Moving off of a linear career path shifts you toward having a less conventional career. That means you might need to take a less conventional, more creative approach to opening up opportunities. For example, instead of relying on job boards or traditional recruiters who tend to favor traditional candidates, you might need to focus on relying more on building connections through networking.
When you walk away from your current career, be prepared to face external judgment from colleagues, friends, family and other professionals in your sector. Most people who want change are generally motivated by internal values and priorities others can’t necessarily see, e.g., more time with family, more fulfilling work, more personal growth. For example, landing a cushy promotion is easy to spot. However, gaining more personal fulfillment might be less obvious to the casual observer. That means you can’t get too fazed by external judgment or criticism from people on the outside looking in who think your career seems off-track.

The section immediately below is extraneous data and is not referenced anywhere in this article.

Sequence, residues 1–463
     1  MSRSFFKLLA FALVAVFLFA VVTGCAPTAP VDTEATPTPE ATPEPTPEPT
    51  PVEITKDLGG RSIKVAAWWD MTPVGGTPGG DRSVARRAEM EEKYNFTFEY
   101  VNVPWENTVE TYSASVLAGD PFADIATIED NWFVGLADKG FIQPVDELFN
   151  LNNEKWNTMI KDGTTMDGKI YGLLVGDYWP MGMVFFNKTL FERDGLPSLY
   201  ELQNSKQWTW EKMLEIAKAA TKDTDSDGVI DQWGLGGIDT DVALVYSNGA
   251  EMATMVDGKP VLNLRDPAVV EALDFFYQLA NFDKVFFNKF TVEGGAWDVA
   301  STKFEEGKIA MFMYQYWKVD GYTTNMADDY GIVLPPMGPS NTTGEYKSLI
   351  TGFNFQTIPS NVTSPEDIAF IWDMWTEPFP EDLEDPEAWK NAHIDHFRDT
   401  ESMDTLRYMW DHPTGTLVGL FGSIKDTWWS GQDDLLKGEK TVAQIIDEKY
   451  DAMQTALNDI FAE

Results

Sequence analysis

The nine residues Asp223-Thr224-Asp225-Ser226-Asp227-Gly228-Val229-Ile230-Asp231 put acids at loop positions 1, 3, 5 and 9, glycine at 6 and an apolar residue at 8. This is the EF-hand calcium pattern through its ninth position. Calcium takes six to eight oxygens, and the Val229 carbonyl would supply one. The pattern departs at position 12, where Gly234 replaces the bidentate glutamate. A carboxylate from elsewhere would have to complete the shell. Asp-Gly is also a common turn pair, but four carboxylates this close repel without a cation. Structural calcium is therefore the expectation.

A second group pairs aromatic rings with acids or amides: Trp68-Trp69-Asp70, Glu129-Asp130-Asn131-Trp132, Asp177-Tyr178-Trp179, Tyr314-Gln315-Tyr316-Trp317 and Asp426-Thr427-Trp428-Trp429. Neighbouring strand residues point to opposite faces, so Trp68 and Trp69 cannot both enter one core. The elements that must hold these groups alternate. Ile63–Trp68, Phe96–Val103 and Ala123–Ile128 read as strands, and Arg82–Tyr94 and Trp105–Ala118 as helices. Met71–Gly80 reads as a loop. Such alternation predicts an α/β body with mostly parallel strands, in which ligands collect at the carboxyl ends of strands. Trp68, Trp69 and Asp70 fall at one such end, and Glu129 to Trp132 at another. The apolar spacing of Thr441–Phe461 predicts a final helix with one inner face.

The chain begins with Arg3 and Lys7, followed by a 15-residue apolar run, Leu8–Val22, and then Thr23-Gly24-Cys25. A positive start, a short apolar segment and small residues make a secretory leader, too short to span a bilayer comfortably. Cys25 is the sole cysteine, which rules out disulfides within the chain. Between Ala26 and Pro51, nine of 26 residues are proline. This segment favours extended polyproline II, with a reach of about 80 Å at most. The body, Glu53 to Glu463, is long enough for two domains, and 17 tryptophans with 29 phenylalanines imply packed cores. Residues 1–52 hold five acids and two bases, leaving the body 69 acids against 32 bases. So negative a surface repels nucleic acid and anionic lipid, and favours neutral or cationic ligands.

Changing careers is not for the faint of heart. It requires dedication and persistent commitment to creating the change you desire. It means continuing to move forward even when you feel like you’ve exhausted all of your options, and making one more phone call, going to one more networking event or applying to one more position. Often that final push is what makes the difference, and that requires commitment and drive, remaining laser-focused on where you’re trying to go, and not staying down for too long when facing hurdles along the way.
Change requires time, so the idea of flipping overnight from one profession to another is not realistic. Intermediate steps may be necessary. For example, enrolling in an evening course while holding down a full-time job, working toward obtaining a certification over time or taking up a side project that might not generate the desired returns in the short run. Being realistic about the time it takes to make a major change prevents frustration when progress takes longer than you had hoped.
Starting over almost always involves making a decision with an element of risk. Whenever you walk away from anything in which you’ve invested time, you really never know if you’re going to uncover something better or worse than your current situation. This is why moving on is often harder than holding on. At some point, though, you have to be willing to take a brave leap in order to pursue more meaningful work. Playing it safe is often not enough to deliver the kinds of significant shifts that make a real difference to your circumstances.
Related: How to Start Over
This article originally appeared in the June 2017 issue of SUCCESS magazine.